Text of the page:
Winter art-making

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Over the last few weeks and through holiday socializing, I had couple of interesting commentaries from people in my life about my art and wanting to do creative work. The comments were very different, and very entertaining and thought provoking... One essentially compared the idea of trying to do creative work for a living to wanting to get paid for being a professional slacker. The other, from someone who came by and saw a drawing I'd done recently, was shock and awe, as in: I know you doodled, but this is really good...like you can really draw!

Both these comments baffled me. The complimentary one, because yes, I can really draw. Why would there be an assumption that I'd want to pursue something creative if I sucked at it? (Maybe they didn't know how ridiculously self-critical I am, ha!) The level of surprise caught me off guard. But then, I realized, that because of being shamed about my desire to do art for most of my life, I haven't done as much as I'd like. And what I have done, I've mostly kept pretty quiet and hidden... occasionally posting something here or on Flickr. It occurred to me, if I'm not showing my work to people, why would they assume it's any good?

The other one, repetition of a message I've heard my whole life: art is not a serious pursuit. I don't think the person even realized what they were saying, it was a passing remark. But it's one I've heard so much. Art is a hobby, a waste of time. It is not "real work". I was surprised to suddenly be confronted with this message again, from someone I didn't expect to hear it from. But instead of letting it send me reeling back into a vortex of shame and doubt, I simply said to myself: "No, that way of thinking is not mine." I didn't take it in. And in fact, it turned up the flame under my butt a little, a feeling I hadn't had in a long time... "I'll show you!"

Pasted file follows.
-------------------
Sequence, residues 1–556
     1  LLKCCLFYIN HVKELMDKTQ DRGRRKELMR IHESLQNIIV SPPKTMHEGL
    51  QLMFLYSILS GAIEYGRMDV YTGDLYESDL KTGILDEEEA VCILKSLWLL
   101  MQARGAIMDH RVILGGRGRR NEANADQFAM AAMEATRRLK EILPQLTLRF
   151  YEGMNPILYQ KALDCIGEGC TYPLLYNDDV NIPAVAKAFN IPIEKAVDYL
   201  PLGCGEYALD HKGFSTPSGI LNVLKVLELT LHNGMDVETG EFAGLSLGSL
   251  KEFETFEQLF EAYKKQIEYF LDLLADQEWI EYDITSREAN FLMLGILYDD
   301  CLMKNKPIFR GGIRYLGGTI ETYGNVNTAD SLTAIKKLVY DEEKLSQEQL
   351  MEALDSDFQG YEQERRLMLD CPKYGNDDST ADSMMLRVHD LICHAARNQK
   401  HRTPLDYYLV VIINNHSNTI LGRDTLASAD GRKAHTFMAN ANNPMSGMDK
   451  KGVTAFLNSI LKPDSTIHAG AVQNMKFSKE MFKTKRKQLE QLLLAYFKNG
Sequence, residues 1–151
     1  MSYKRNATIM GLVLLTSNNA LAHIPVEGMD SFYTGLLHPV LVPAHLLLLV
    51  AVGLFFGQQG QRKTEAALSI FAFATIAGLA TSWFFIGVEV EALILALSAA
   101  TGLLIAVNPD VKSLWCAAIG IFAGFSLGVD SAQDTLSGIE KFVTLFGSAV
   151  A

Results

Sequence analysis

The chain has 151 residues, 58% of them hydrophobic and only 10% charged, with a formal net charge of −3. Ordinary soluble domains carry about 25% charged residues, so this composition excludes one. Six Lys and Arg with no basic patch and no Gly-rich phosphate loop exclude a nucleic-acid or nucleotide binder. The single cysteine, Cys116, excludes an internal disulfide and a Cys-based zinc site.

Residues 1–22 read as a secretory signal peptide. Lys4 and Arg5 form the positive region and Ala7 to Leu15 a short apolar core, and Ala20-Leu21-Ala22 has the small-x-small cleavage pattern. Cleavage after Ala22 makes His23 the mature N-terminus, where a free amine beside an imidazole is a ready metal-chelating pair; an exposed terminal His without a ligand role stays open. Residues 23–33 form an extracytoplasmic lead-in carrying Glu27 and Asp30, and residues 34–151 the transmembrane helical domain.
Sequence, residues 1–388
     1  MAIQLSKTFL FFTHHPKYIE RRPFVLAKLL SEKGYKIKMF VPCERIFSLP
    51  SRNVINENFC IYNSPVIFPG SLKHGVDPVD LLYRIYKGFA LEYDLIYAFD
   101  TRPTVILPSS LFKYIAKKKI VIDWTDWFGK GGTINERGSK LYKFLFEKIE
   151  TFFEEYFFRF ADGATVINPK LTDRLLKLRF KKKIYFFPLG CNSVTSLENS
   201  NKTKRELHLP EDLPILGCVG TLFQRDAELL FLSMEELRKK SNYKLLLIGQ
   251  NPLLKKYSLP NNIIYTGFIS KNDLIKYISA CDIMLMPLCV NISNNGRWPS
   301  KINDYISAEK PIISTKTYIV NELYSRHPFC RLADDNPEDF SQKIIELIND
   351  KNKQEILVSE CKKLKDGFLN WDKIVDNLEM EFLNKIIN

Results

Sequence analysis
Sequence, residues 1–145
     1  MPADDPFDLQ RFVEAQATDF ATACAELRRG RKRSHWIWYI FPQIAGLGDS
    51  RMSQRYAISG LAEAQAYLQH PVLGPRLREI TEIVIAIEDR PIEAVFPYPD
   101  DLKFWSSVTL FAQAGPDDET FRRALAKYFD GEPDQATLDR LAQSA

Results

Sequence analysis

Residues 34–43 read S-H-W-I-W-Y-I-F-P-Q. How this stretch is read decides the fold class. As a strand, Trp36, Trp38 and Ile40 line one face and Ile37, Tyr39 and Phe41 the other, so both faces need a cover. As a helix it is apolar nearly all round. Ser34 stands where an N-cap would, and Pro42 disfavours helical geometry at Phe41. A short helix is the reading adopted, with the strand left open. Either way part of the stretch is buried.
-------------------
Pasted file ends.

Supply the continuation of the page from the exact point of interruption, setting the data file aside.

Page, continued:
In any case, I realized that since my little 365 72 Days of Botany experiment, I haven't posted much art. And I should. I want to. So here are a few of my favourite drawings and paintings from the winter so far:

I really love this last one, and I'm thinking of doing a set of probably 6 little botanical/succulent paintings and then putting them up for sale on Etsy, and maybe also making some prints or cards from them as well. I still need to figure out the best way to get art prints done... (Have you done this? Do you have a favourite place to get prints done in Vancouver? Have you tried Opus?)

And one bit of news before I sign off: Issue 2 of Chronically Yours is one page away from being fully laid out! Then I've got a bunch of scanning, printing, and stapling to do, and it'll finally be done!

Comments

anyone who likens the practice of an art to slacking has clearly not tried to learn any kind of art!

I've used http://www.linxprint.com/ in Vancouver (they provide sustainable printing options), I have't tried other places, but I was pleased with Linx, so it might be worth checking out. :)

I think it was more the idea that it's not a job, rather than that it's not difficult - but I know what you mean, and indeed it's not true!

Thanks for the printer recommendation, much appreciated!

Anyone who thinks art is not a real job has never: noticed signage on the street, seen tge cover of a book, seen an illustrated book, looked at a catalog that does not use live models (J. Peterman), never seen a cartoon or animated movie, noticed any advertising of any kind, seen a mural, noticed a car (artists design them, clay artists build models pre-production), worn clothes (for the love of god - does fabric assume shapes independently?), seen a play (set and costume design, hello) or a movie ... I could go on but geez, I have to get to work!

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